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Martnália Mendonça Ferreira, known as Mart'nália (Rio de Janeiro, September 7, 1965) is a Brazilian singer, songwriter and percussionist.


Daughter of sambista Martinho da Vila and singer Analia Mendonca (her name is a blend of parents' names), the singer was born in Vila Isabel, North Zone of Rio de Janeiro. Since childhood she was surrounded by music.

She began her professional career at age 16, doing backing vocals for her father beside her sister, Analimar. In the mid 1990s, she began making presentations on the circuit of bars, nightclubs and theaters in Rio de Janeiro, which culminated in the release of her samba album Minha cara. Since 1994, she joined the group Batacotô, whose percussionist was Ivan Lins.

Mart'nália had the privilege of becoming sponsored by big names of Brazilian popular music thanks to her father. Caetano Veloso was the artistic director of her Pé de meu samba and composed the title track, and Maria Bethânia produced Menino do Rio From these two albums, Mart'nália began to attract greater media attention and to have shows throughout the country, paving the way for international tours through Europe and Africa.[1]

In 2015, her album Em Samba! Ao vivo was nominated for the 16th Latin Grammy Awards in the Best Samba/Pagode Album category.[2] In 2017, another album of hers, Misturado, was nominated in the same category of the 2017 edition, and this time it won.[3] In 2019, she was nominated for a third time in that category, this time for the album Mart'nalia Canta Vinicius de Moraes.[4]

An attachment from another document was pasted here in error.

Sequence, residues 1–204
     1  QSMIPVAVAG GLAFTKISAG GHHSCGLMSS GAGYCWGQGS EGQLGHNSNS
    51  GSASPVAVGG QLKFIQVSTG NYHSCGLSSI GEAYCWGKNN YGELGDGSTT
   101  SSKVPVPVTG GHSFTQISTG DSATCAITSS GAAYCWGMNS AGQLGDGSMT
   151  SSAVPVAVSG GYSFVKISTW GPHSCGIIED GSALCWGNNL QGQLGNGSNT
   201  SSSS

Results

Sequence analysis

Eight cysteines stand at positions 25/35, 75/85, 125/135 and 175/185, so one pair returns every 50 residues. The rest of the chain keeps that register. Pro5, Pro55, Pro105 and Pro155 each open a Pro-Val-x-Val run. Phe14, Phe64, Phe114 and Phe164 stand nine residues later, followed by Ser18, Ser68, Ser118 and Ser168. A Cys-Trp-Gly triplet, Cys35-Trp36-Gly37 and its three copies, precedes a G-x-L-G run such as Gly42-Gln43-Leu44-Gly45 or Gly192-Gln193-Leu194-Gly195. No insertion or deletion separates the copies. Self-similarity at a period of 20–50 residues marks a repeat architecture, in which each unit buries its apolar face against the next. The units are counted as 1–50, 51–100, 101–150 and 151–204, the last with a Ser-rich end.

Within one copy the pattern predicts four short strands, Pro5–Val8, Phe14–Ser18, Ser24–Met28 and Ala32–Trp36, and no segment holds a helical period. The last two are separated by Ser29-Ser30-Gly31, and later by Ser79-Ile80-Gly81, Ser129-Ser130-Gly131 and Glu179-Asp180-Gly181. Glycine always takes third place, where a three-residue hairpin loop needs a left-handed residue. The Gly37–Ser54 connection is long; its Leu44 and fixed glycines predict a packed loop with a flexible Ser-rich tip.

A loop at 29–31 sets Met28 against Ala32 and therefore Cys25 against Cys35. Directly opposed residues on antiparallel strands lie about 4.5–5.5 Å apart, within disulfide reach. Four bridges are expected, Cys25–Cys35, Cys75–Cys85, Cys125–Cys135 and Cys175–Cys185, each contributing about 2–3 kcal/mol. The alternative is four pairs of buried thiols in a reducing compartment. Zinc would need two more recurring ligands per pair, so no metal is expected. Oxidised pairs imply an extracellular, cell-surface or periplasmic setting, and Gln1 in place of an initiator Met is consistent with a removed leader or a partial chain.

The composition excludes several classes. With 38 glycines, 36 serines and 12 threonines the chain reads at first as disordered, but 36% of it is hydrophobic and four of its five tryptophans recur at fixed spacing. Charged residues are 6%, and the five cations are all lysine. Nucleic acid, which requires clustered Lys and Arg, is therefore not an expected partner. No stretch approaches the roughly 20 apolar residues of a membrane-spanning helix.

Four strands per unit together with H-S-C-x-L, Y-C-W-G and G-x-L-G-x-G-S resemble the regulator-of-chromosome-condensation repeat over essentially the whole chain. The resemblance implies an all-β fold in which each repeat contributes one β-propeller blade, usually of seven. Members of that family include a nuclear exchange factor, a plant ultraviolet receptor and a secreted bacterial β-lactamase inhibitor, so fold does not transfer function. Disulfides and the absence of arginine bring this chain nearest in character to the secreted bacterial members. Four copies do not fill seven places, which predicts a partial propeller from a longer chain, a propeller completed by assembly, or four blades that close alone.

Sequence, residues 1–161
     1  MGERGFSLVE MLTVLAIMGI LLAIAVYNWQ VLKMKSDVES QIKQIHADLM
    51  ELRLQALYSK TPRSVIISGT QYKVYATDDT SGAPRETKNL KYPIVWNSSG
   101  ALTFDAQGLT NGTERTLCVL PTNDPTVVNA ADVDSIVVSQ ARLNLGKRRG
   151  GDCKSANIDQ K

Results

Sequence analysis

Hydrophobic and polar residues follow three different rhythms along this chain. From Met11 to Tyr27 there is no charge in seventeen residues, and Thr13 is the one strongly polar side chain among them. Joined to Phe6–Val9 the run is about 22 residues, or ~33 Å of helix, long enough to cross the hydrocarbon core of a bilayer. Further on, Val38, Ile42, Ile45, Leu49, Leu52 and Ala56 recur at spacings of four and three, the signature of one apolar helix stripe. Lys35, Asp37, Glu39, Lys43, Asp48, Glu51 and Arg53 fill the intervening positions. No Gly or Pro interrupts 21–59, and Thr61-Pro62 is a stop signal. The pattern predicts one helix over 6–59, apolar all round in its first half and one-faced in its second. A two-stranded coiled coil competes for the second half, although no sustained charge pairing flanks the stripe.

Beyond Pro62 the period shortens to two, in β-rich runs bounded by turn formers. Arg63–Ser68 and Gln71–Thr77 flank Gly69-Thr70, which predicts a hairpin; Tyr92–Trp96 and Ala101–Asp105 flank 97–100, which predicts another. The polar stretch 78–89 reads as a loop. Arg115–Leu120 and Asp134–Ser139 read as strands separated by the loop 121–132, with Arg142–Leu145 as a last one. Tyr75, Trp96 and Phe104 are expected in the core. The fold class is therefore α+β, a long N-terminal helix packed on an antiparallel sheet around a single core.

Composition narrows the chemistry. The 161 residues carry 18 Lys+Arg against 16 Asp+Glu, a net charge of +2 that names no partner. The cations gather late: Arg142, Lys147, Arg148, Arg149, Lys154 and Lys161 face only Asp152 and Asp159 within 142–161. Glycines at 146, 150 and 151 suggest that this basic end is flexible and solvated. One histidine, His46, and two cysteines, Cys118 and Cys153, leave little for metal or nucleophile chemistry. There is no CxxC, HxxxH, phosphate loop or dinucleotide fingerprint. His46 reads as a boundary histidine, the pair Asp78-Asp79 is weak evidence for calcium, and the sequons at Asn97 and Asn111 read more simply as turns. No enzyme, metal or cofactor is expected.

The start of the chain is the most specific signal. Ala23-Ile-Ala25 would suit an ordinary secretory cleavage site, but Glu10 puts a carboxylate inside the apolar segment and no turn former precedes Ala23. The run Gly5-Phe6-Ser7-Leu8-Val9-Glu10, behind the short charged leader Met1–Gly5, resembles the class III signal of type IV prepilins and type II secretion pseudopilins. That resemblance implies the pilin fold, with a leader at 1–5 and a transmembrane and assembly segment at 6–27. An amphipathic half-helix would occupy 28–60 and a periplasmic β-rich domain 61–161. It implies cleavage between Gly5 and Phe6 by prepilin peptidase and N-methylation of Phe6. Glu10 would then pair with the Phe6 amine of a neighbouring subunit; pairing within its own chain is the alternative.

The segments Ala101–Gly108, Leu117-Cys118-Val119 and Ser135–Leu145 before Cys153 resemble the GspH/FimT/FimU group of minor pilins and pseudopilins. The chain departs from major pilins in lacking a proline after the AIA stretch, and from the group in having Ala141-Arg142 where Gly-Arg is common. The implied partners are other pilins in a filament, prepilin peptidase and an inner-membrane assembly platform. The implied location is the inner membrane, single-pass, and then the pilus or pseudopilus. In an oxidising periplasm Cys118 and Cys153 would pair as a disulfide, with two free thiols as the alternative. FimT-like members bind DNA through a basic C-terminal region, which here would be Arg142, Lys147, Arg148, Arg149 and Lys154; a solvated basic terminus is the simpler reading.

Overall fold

• Mart'nália (1987)
  • Minha cara (1997)
  • Pé de meu samba (2002)
  • Pé de meu samba ao vivo (2004)
  • Menino do Rio (2006)
  • Mart'nália em Berlim ao vivo (2006)
  • Madrugada (2008)
  • Minha Cara (2009)
  • Mart'nália em África ao Vivo (2010)
  • Não Tente Compreender (2012).[5]


  1. ^ "Mart'nalia". Archived from the original on March 4, 2016. Retrieved October 1, 2015.
  2. ^ "La lista completa de nominados a los Latin Grammy 2015". Infobae (in Spanish). September 23, 2015. Retrieved October 1, 2015.
  3. ^ Ceccarini, Viola Manuela (November 20, 2017). "The 18th Latin GRAMMY Awards in Las Vegas". Livein Style. Archived from the original on December 8, 2019. Retrieved December 28, 2017.
  4. ^ Cabo, Leila (November 14, 2019). "Latin Grammys 2019 Winners: Complete List". Billboard. MRC. Retrieved September 9, 2020.
  5. ^ "Mart'nalia". Archived from the original on October 3, 2015. Retrieved October 1, 2015.